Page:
Next was a cavalcade of Antipasti, including the Thinly-sliced Porchetta with tuna sauce and celery, the Fish Crudo del Giorno (which was scallops, the night we dined), and the Sweet Onion Crepe with white truffle fondue. The Porchetta was lighter (i.e. the tuna sauce was less fishy) than I’d have expected, and the textures mixed beautifully; while the scallops in the Crudo were on the large size, and very meaty. But, as I’d learned at the Vetri X Masso preview dinner (see link, below), the star of the Antipasti was that Sweet Onion Crepe. As Penny so succinctly explained, “It’s like eating a great French Onion Soup, without having to deal with the soup!”
We had the night’s Pasta Special, next – Tagliolini with Housemade Truffle Butter Sauce, topped with the much sought-after trifola d’Alba Madonna (aka Piedmont white truffles), with the truffles shaved tableside. Again, I was a bit tentative when taking my first bite (fearing that the dish would be too rich for me) but it was really kinda perfect. Our other pasta, the Casoncelli alla Bergamasca (ravioli filled with amaretti, sage, and pancetta) had been one of my favorite dishes at the preview dinner and was just as tasty in its intended setting.
As our Secondi, we shared the Salt-crusted Branzino for Two with truffle sauce and charred Brussel sprouts. The entire fish in its salt-crust was presented to us, tableside, on a silver platter; before being taken back to the kitchen, deboned, and plated with the sauce and sprouts. The fish was cooked just right, and was less salty than one might expect, after seeing Nemo laid-out under a pound of salt. This was the dish where Vetri’s comradery with Chef Scott Conant took on a deeper meaning to me when I realized that both chefs are huge fans of butter. And you know what? Despite my cardiologist’s arguments to the contrary, butter really does make everything taste better.
Which brings us to dessert. Penny’s Ricotta Gelato came first, and the presentation was fantastic. Served in a metal coupe, the gelato comes covered with a hard disk of dark chocolate; over which warm orange olive oil was poured, melting through the chocolate, thereby mixing with the gelato to form a creamy, fruity, savory mélange. This was followed by my Pear Almond Tart with wild honey gelato. I took a bite of the tart, and it was good. Then I tried a bite with the gelato. Seeing me inhale deeply as my eyes rolled back into my head, Penny took a bite, and exclaimed what I’d been thinking but was too far gone to verbalize… “Holy crap, that’s incredible!” I mean, sure – sometimes I ignore the à la mode aspects of certain desserts, but in the case of a chef like Vetri, you’ve gotta assume that all of the flavors are deliberate, and part of the intended overall flavor. So, when I say that at the end of an already memorable meal, we were completely blown-away by gelato, you know it was something special.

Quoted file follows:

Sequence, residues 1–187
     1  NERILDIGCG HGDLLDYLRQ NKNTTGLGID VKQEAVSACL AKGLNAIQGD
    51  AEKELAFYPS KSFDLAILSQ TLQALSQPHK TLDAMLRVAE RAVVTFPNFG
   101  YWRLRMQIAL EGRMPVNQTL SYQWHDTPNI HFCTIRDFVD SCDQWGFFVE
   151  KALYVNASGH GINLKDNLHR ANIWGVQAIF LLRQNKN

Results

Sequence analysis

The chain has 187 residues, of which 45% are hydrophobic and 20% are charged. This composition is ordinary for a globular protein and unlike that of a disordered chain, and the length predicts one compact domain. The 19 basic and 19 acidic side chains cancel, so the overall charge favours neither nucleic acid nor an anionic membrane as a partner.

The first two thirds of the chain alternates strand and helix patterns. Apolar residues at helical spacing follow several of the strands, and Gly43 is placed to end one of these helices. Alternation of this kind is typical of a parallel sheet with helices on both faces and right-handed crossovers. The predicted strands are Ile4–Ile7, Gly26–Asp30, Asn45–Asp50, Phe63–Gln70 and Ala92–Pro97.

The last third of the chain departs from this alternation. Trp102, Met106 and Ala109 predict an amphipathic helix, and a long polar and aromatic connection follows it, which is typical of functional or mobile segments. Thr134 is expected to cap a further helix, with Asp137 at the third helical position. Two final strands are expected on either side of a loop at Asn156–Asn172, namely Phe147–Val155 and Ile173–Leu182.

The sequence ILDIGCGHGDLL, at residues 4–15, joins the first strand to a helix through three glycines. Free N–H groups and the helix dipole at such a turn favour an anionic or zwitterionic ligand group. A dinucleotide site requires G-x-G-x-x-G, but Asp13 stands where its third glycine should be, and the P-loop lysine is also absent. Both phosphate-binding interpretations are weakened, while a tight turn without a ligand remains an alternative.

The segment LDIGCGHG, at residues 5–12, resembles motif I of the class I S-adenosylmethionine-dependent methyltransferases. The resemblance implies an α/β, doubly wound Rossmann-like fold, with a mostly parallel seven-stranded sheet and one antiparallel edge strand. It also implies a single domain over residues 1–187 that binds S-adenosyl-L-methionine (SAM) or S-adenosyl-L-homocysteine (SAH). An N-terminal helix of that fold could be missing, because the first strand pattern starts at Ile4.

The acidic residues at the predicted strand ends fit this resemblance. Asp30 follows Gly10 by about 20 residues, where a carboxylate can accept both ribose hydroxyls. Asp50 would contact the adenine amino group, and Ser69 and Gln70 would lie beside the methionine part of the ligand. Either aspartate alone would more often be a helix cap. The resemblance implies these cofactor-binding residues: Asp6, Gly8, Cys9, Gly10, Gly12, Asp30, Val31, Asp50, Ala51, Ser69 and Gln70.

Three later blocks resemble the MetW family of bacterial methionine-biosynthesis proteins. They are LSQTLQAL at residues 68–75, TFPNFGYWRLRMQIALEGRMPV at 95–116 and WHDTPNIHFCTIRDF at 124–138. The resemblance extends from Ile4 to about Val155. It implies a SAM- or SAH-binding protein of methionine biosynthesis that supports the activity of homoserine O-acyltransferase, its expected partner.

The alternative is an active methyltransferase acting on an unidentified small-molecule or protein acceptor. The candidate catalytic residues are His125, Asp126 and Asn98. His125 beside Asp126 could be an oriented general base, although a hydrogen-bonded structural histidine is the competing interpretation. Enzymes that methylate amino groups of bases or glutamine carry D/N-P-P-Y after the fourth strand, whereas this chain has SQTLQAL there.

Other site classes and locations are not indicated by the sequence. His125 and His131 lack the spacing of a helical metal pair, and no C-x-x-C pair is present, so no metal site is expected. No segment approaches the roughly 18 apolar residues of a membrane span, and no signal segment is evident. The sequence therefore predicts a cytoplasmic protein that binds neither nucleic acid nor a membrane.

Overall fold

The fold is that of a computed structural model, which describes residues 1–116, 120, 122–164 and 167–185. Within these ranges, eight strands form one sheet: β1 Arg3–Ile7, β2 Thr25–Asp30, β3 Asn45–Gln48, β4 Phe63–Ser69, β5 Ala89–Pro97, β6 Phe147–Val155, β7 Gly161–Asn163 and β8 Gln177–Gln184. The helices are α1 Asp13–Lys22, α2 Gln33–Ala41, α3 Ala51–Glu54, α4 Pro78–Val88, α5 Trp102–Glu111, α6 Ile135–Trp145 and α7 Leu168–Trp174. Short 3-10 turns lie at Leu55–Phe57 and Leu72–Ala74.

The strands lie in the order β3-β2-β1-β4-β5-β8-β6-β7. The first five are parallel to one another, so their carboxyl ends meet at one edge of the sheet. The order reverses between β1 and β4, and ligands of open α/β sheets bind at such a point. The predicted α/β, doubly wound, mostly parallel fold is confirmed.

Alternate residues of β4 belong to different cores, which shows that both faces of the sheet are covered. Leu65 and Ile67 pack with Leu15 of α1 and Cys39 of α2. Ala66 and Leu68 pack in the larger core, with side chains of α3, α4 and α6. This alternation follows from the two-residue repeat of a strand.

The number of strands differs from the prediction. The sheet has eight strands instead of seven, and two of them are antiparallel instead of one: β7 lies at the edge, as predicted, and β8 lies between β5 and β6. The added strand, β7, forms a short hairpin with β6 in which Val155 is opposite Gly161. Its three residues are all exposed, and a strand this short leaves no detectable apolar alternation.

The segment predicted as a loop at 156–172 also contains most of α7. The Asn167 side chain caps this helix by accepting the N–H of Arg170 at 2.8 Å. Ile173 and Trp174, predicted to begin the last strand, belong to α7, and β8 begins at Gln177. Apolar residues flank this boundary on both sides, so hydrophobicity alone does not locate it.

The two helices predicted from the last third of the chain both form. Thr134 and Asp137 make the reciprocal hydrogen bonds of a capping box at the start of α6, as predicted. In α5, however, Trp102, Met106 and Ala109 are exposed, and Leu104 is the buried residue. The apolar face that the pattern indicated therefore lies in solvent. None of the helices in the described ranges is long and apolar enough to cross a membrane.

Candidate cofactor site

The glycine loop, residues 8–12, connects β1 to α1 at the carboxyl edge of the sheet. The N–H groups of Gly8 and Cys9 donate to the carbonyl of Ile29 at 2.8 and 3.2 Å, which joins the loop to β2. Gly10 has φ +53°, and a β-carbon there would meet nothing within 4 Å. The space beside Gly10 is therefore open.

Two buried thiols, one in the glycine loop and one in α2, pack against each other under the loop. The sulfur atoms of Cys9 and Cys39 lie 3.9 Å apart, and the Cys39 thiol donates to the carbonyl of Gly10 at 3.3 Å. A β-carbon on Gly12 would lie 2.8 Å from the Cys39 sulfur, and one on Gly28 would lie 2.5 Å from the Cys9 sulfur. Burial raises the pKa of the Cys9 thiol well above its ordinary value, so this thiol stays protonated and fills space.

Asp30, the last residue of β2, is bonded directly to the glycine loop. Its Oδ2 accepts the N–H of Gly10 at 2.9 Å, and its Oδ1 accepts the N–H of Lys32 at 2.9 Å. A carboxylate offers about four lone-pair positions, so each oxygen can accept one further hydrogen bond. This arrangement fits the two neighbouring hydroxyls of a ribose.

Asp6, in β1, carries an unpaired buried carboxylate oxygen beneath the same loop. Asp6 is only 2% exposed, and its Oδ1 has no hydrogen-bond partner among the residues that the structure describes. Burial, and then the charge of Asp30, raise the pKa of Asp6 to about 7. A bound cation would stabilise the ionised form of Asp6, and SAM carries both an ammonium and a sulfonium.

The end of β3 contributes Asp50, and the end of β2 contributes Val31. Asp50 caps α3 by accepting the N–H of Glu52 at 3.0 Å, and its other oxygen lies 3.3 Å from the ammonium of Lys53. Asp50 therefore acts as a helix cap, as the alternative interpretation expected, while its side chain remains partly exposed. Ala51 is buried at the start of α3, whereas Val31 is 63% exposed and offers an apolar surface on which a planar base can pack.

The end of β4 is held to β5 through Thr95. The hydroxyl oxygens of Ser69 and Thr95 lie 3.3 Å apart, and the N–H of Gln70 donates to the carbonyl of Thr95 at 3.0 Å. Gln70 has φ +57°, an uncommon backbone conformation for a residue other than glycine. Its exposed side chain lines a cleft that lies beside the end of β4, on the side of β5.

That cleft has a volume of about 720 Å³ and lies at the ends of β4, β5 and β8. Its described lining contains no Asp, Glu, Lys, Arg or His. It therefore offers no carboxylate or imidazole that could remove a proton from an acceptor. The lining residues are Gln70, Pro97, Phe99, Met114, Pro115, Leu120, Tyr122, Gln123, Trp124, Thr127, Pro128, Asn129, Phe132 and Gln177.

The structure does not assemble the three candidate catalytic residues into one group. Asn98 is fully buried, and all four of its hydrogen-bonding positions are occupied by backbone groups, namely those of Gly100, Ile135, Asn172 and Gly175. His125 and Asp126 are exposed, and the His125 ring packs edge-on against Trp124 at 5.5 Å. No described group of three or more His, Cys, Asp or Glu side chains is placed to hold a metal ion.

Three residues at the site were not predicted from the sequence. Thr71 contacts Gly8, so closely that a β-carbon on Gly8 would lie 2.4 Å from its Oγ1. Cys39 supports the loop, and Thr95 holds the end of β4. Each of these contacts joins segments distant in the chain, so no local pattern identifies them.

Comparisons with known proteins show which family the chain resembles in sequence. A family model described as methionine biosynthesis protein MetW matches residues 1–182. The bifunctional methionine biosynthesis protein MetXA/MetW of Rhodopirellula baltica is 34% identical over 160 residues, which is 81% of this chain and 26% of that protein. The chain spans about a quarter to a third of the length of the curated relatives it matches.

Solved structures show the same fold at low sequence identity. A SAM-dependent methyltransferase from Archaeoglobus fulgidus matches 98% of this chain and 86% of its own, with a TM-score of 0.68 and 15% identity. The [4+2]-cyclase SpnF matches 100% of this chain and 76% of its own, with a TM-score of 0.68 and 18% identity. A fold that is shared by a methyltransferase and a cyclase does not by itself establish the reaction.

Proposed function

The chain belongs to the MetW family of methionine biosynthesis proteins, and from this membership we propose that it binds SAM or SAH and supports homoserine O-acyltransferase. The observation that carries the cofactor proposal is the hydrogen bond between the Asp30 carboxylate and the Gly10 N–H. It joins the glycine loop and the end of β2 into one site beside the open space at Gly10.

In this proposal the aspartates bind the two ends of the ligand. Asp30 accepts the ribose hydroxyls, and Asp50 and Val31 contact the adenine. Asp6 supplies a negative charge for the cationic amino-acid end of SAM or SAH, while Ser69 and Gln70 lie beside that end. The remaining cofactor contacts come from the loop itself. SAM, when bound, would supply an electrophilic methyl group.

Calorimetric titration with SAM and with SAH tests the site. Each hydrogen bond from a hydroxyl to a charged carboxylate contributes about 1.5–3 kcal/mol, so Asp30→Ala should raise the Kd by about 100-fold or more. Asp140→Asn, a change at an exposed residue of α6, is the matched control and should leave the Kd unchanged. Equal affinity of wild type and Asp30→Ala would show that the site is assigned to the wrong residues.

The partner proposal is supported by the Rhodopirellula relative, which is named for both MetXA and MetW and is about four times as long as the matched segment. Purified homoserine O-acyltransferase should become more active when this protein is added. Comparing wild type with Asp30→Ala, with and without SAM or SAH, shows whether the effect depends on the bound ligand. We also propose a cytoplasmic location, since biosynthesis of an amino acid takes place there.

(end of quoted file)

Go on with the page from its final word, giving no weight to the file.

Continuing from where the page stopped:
Frankly, I hope Vetri opts to sell the Wild Honey Gelato by the pint or quart. Heck, maybe Palms will open a gelato-stand, along with all the fun amenities coming online in the spring, with Phase II. Regardless, every stop along the culinary journey we took at Vetri Cucina was one worth relishing. Yes, this prolongs your meal, and accounts for the pace being a bit less hurried than most; but with this food in this setting, it totally works.
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[Editor's Note: Built by Berkel between 1948 and 1956 - but only on the Italian market - this machine went by the name of Berkel Model 21 (though, outside of Italy, it was sold and known as the Berkel Model 8). They are very rare and highly collectible.]